The Ryan White Comprehensive AIDS Resources Emergency Act (Ryan White CARE Act, Pub.L. 101–381, 104 Stat. 576, enacted August 18, 1990), was an act of the United States Congress and is the largest federally funded program in the United States for people living with HIV/AIDS. The act sought funding to improve availability of care for low-income, uninsured and under-insured victims of AIDS and their families. The act is named in honor of Ryan White, an Indiana teenager who contracted AIDS through a tainted hemophilia treatment. He was diagnosed with AIDS in 1984 and was subsequently expelled from school because of the disease. White became a well-known advocate for AIDS research and awareness, until his death on April 8, 1990.
Ryan White programs are "payer of last resort" which fund treatment when no other resources are available. As AIDS has spread, the funding of the program has increased. In 1991, the first year funds were appropriated, around US$220 million were spent; by the early 2000s, this number had almost increased 10-fold. The Act was reauthorized in 1996, 2000, 2006, and 2009. The program provides some level of care for around 500,000 people a year and, in 2004, provided funds to 2,567 organizations. The Ryan White programs also fund local and state primary medical care providers, support services, healthcare provider training programs, and provide technical assistance to such organizations.
In fiscal year 2005, federal funding for the Ryan White CARE Act was $2.1 billion. As of 2005, roughly one-third of this money went to the AIDS Drug Assistance Programs (ADAP) which provides drugs for 30 percent of HIV-infected patients. The primary activity of ADAP is providing FDA-approved prescription medication.
The Ryan White CARE Act mandates that EMS personnel can find out whether they were exposed to life-threatening diseases while providing care. (This notification provision was included in the original 1990 act, dropped in the 2006 reauthorization, and reinstated in the 2008 reauthorization).
This summary is from Wikipedia.
The summary below was written by the Congressional Research Service, which is a nonpartisan division of the Library of Congress.
7/31/1990--Conference report filed in House.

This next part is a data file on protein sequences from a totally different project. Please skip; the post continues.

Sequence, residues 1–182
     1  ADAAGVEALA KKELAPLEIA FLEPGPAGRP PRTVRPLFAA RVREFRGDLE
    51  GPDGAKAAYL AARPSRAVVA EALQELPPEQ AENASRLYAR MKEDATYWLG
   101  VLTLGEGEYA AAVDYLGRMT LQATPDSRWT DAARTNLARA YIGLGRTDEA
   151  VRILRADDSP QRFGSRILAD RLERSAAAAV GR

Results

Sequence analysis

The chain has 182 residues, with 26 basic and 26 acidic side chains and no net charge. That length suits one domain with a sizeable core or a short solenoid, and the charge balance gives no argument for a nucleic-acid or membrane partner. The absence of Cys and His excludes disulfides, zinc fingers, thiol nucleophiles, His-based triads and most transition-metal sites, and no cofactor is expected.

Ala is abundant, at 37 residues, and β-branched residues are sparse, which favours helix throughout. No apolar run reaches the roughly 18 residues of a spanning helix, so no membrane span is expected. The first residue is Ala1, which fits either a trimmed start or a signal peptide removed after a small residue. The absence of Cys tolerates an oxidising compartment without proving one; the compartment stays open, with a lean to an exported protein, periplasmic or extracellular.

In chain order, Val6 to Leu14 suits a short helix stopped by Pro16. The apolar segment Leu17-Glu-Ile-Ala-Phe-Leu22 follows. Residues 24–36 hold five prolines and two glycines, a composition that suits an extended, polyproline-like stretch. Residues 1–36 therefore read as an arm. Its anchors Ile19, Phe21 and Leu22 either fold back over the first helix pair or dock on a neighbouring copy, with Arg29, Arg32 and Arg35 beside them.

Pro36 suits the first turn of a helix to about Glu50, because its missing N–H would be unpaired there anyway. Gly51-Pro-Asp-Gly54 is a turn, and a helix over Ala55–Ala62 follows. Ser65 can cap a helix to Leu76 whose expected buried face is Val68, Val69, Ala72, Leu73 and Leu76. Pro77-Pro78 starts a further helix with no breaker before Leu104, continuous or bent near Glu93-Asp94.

Ryan White Comprehensive AIDS Resources Emergency Act of 1990 - Title I: HIV Emergency Relief Grant Program - Amends the Public Health Service Act to direct the Secretary of Health and Human Services, through the Administrator of the Health Resources and Services Administration, to make grants in any metropolitan area that has reported and confirmed more than 2,000 acquired immune deficiency syndrome (AIDS) cases or a per capita incidence of at least 0.0025 (eligible area). Requires that the grants be directed to the chief elected official of the city or urban county that administers the public health agency serving the greatest number of individuals with AIDS in the eligible area. Requires that official to establish: (1) through intergovernmental agreements, an administrative mechanism to allocate funds and services; and (2) an HIV health services planning council. Allows the official to establish the council directly or by designating an existing entity to serve as the council. Provides, at specified times, that one-half of funds appropriated for the grants be used for regular grants and one-half be used for supplemental grants. Requires that grant funds be used for: (1) outpatient and ambulatory health and support services, including case management and comprehensive treatment services; and (2) inpatient case management services that prevent unnecessary hospitalization or that expedite discharge. Requires the chief official, in providing assistance, to give priority to entities currently participating in Health Resources and Services Administration HIV health care demonstration projects. Allows, if the council finds there is a personnel shortage, up to ten percent of the grant funds to be used for recruiting, training, and paying compensation of services of personnel, for entities that provide HIV-related care or services to a disproportionate share of low-income individuals and families with HIV disease, incur uncompensated costs, and meet other requirements. Requires that services covered by Medicaid be provided by providers with Medicaid provider status. Specifies information and assurances which must be included in a grant application. Limits (in some cases prohibits) the imposition of fees for services under the grants. Authorizes appropriations. Title II: HIV Care Grants - Directs the Secretary, subject to the availability of appropriations, to make grants to States to improve the quality, availability, and organization of health care and support services for individuals and families with HIV disease. Allows the grants to be used: (1) to establish and operate HIV care consortia within areas most affected by HIV disease to provide a comprehensive continuum of care; (2) to provide home- and community-based care services; (3) to provide assistance to assure the continuity of health insurance coverage; and (4) to provide treatments that have been determined to prolong life or prevent serious deterioration of health. Requires that at least 15 percent of the funds be used for health and support services to infants, children, women, and families with HIV disease. Details, for each of the four categories of grants, the uses of funds, the assurances and information required in the application, and certain priorities. Limits (in some cases prohibits) the imposition of fees for services under the grants. Requires non-Federal matching funds in specified ratios. Directs the Secretary to use up to ten percent of specified amounts to establish and administer a special projects of national significance program, awarding grants based on the need to assess the effectiveness of a particular care and treatment model, the innovative nature of the activity, and the potential replicability of the activity. Details permissive uses for the funds and sets forth a formula for determining the amount of a grant. Authorizes appropriations to make the grants provided for in this title. Title III: Early Intervention Services - Directs the Secretary, through the Director of the Centers for Disease Control, to make an allotment for each State each fiscal year to provide, with respect to HIV disease, the following outpatient early intervention services: (1) counseling individuals; (2) testing individuals, including tests to confirm the presence of the disease, to diagnose the extent of the deficiency in the immune system, to provide information on therapeutic measures for preventing and treating the deterioration of the immune system and for preventing and treating conditions arising from the disease; (3) referrals; (4) other clinical and diagnostic services, and periodic medical evaluations; and (5) therapeutic measures. Allows a State to provide the services directly or through other entities. Lists optional services. Requires States to earmark certain percentages of the grants for certain services. Requires that services covered by Medicaid be provided by providers with Medicaid provider status. Requires matching non-Federal funds in a specified ratio. Requires that an entity receiving grant funds that regularly provides treatment for sexually transmitted diseases, regularly provides intravenous substance abuse treatment, is a family planning clinic, or provides treatment for tuberculosis offer and encourage the early intervention services to individuals it serves. Requires a State grant recipient to: (1) encourage individuals in the State receiving a transfusion of whole blood or a blood-clotting factor between January 1, 1978, and April 1, 1985, to receive early intervention services; and (2) inform such individuals of public health facilities in the geographic area that provide such services. Declares that these requirements do not mandate individual notifications. Requires that a State grant recipient mandate that any entity carrying out testing for HIV disease confidentially report to the State public health officer information sufficient to: (1) perform statistical and epidemiological analyses of the incidence of the disease; (2) perform statistical and epidemiological analyses of the demographic characteristics of individuals with the disease; and (3) assess the adequacy of early intervention services. Requires a State grant recipient to require that the State public health officer, to the extent appropriate in the determination of the officer, carry out a program of partner notification with respect to cases of HIV disease. Declares that these reporting and partner notification provisions do not require or prohibit a State from providing that identifying information concerning individuals with HIV disease is required to be submitted to the State. Prohibits a grant to a State unless its chief executive officer determines that the criminal laws of the State are adequate to prosecute any HIV infected individual who knowingly and intentionally exposes a nonconsenting individual to HIV through a donation of blood, semen, or breast milk, through sexual activity, or through sharing of a hypodermic needle. Makes the existence of a criminal law of general application, which can be applied to such conduct, sufficient for compliance. Sets forth a formula for determination of the amounts of allotments. Requires a State to submit to the Secretary a comprehensive plan for the organization and delivery of the early intervention services. Authorizes appropriations for the allotments to States. Authorizes the Secretary, through the Administrator of the Health Resources and Services Administration, to make grants with respect to HIV disease, for these early intervention services: (1) counseling individuals; (2) testing individuals, including tests to confirm the presence of the disease, to diagnose the extent of the deficiency in the immune system, to provide information on therapeutic measures for preventing and treating the deterioration of the immune system and for preventing and treating conditions arising from the disease; (3) referrals; (4) other clinical and diagnositc services, and periodic medical evaluations; and (5) therapeutic measures. Allows a grantee to provide the services directly or through other entities. Lists optional services. Requires that grant recipients be migrant health centers, community health centers, grantees under provisions relating to health services for the homeless, grantees (other than States) under provisions relating to family planning, comprehensive hemophilia diagnostic and treatment centers, Federally-qualified health centers under specified provisions of the Social Security Act, or nonprofit private entities that provide comprehensive primary care services to populations at risk of HIV disease. Requires that services covered by Medicaid be provided by providers with Medicaid provider status. Sets forth certain preferences in making the grants. Requires grants regarding early intervention services for individuals with hemophilia to be made through the network of comprehensive hemophilia diagnostic and treatment centers. Authorizes appropriations. Requires information regarding the receipt of early intervention services to be kept confidential in a manner not inconsistent with applicable law. Requires written informed consent prior to testing. Allows: (1) use of a pseudonym in signing a consent form; and (2) consent to be given orally when an individual is to undergo testing without providing any identifying information. Requires counseling before testing and, for both individuals with negative and individuals with positive results, after testing. Allows counseling without testing. Requires that testing by grant recipients be carried out in accordance with the requirements of this Act regarding confidentiality, informed consent, and counseling regardless of whether the testing is carried out with Federal funds. Requires that, to the extent permitted under State law, grant recipients offer substantial opportunities for an individual to undergo counseling and testing without giving any identifying information or using a pseudonym. Prohibits requiring an individual to undergo testing as a condition to receiving other health services unless the testing is medically indicated in the provision of the health services sought by an individual. Limits (in some cases prohibits) the imposition of fees for services provided for in this title. Prohibits the counseling programs from being designed to promote or encourage, directly, intravenous drug abuse or sexual activity, homosexual or heterosexual. Requires them to: (1) be designed to reduce exposure to and transmission of HIV disease by providing accurate information; and (2) provide information on the health risks of promiscuous sexual activity and intravenous drug abuse. Amends the Prison Testing Act of 1988 to: (1) transfer all provisions relating to testing of State prisoners to the Public Health Service Act; and (2) authorize appropriations to carry out such provisions. Replaces all except the authorization of appropriations with provisions authorizing the Secretary to make grants to States for early intervention services to individuals sentenced by the State to imprisonment. Requires that such individuals be informed of: (1) the prisoner testing requirements under this Act; and (2) the results of the testing. Requires non-Federal matching funds. Mandates that States require testing of prisoners upon entering the State penal system and during the 30-day period before release. Sets forth requirements regarding disclosure of test results to prison employees, spouses of prisoners, and victims of rape and aggravated sexual assault. Requires confidentiality of test results except for such persons and except for disclosures as medically necessary. Allows the prison grants only to those prisons for which the State public health officer has determined that the provision of such services is appropriate with respect to the public health and safety. Applies provisions of this Act relating to informed consent, counseling, and other matters to the prison grants. Title IV: General Provisions, Reports and Evaluations - Subtitle A: General Provisions - Directs the Secretary, through the Administrator of the Health Resources and Services Administration and the Director of the National Institutes of Health, to make demonstration grants for: (1) clinical research on therapies for pediatric patients and pregnant women with HIV disease; and (2) outpatient health care for such patients and their families. Requires that applicants: (1) have entered into a cooperative agreement or contract with a biomedical research entity for assistance in designing and conducting the research protocol; and (2) agree to provide the data developed in the research to the Director. Authorizes the Secretary, through the Director, to assist grantees in designing and conducting the protocols. Requires the Secretary, through the Director, to analyze the data submitted. Requires grantees to provide, for the pediatric patient and the family of the patient: (1) case management; (2) referrals; and (3) such transportation, child care, and other incidental services as necessary to enable participation in the program. Authorizes appropriations. Directs the Secretary to: (1) develop and make available to personnel at blood banks and facilities that produce blood products materials and information on measures to protect the safety of the blood supply; and (2) develop and implement a training program to increase the number of Department of Health and Human Services employees qualified to inspect such blood banks and facilities. Authorizes appropriations. Directs the Secretary, through the Agency for Health Care Policy and Research, to establish a program to enable independent research to be conducted regarding: (1) the impact and cost-effectiveness of major models for organizing and delivering HIV-related services; (2) private sector financing for HIV-related health and support services; (3) how different points-of-entry affect cost, quality, and outcome; and (4) major and continuing unmet needs. Authorizes appropriations. Subtitle B: Emergency Response Employees - Directs the Secretary to make grants to States and their political subdivisions to assist in the implementation of Federal law mandating the dissemination of guidelines to emergency response employees (EREs) regarding reducing the risk in the workplace of becoming infected with the etiologic agent for AIDS and circumstances under which exposure may occur. Authorizes appropriations. Directs the Secretary to develop and disseminate: (1) a list of life-threatening infectious diseases to which EREs may be exposed, including those that are routinely transmitted through airborne or aerosolized means; (2) guidelines describing the circumstances in which EREs may be exposed; and (3) guidelines describing the manner in which medical facilities should make determinations under these provisions. Provides for: (1) routine notification of a designated officer by a medical facility that determines that a victim of an emergency who was transported by EREs has an airborne infectious disease; (2) initiation by an ERE of an examination of circumstances to determine whether the ERE may have been exposed to an infectious disease; and (3) procedures for notification of a designated officer and notification of an ERE of exposure. Requires the public health officer of each State to designate one official or officer of each employer of EREs in the State to receive notification and make requests. Authorizes the Secretary to commence a civil suit to obtain temporary or permanent injunctive relief for any violation of these provisions. Directs the Secretary to establish an administrative process for encouraging EREs to provide information to the Secretary regarding violations of these provisions. Makes certain of these provisions relating to EREs inapplicable in a State if the chief executive officer certifies that the law of the State is in substantial compliance. Subtitle C: Miscellaneous Provisions - Requires that any State that received a waiver for FY 1989 under specified provisions of the Public Health Service Act relating to alcohol, drug abuse, and mental health services block grants be granted a waiver for FY 1990 and 1991. Prohibits funds made available in this Act, or an amendment made by this Act, from being used to provide individuals with hypodermic needles or syringes so that the individuals may use illegal drugs.